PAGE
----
How I’m using ChatGPT as an accelerator

Over the last few weeks I’ve begun using the recent crop of AI-powered services in my daily work and I’ve found them to be an enormous boost to my productivity and fun to play with. I do not know if these human-like chat services will end up causing great harm to the earth’s population or not — but as of today, I think they can be both useful and entertaining.

I’d like to start off this post by describing what I think AI is. Not because I think there is any confusion on the matter but because I want a definition I can point people to. A service that uses a bunch of learned prompts and responses to use various APIs to present you information in a human readable or audio format are not what I would consider AI. Think Siri. Siri, while it may very well have portions of it that are using AI-data sets, I do not consider AI. Siri feels much more to me like a gargantuan list of IF THEN statements.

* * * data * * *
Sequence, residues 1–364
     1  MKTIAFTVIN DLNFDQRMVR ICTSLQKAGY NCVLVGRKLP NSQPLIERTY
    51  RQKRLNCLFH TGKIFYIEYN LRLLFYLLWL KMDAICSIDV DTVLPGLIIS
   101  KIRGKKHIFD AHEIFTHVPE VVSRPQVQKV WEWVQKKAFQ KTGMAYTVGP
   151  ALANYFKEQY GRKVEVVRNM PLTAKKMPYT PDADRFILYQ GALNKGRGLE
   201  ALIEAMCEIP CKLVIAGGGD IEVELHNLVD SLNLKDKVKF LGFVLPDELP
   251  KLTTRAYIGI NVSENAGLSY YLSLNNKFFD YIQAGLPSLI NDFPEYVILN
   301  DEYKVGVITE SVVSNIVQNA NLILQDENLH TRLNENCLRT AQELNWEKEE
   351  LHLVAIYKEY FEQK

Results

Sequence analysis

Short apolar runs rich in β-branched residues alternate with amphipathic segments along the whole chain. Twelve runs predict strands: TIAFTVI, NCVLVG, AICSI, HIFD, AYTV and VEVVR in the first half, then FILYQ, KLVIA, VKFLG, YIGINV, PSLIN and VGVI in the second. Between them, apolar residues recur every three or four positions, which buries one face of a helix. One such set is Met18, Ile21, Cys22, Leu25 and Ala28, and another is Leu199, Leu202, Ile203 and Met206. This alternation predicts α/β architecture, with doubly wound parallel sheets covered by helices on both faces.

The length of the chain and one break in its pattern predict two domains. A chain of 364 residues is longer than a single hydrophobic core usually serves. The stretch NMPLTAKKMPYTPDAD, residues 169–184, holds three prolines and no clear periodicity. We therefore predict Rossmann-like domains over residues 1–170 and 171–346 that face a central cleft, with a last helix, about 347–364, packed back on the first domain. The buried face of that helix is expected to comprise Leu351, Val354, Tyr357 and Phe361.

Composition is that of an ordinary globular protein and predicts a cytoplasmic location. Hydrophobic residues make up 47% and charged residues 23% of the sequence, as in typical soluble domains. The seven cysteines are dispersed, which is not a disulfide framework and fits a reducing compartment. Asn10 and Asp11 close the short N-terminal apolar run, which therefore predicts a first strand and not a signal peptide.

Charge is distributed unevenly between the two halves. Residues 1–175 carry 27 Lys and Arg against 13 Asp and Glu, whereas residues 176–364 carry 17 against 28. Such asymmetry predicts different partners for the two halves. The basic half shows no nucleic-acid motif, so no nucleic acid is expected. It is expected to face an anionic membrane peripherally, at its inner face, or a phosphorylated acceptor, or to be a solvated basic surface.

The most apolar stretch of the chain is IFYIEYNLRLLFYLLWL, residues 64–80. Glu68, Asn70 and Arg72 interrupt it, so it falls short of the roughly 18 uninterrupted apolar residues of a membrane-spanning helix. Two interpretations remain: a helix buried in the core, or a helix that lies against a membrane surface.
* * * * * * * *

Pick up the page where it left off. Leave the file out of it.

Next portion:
IF you ask Siri for anything relating at all to the weather THEN it will pretend to be a human and answer in a human way. “Hey Sir, will it rain today?” “Yes, there is a 70% chance it will rain today.” is a good answer but far from being an intelligent one. If you ask “Hey Siri, what time will the rain start and stop today?” it will almost certainly fall on its face. In fact, Siri falls on its face more often than not.

IF you ask Google’s assistant a similar question it does a far better job of trying to deliver you the answer you want. For instance, you can “OK Google” a fairly complex mathematics query and, in my experience, it does a good job. Where Siri is like a very young child trying to respond to adult questions, Google is somewhere in the teenager area. But a teenager that does not know how to use Google, read the first few links, and summarize an answer.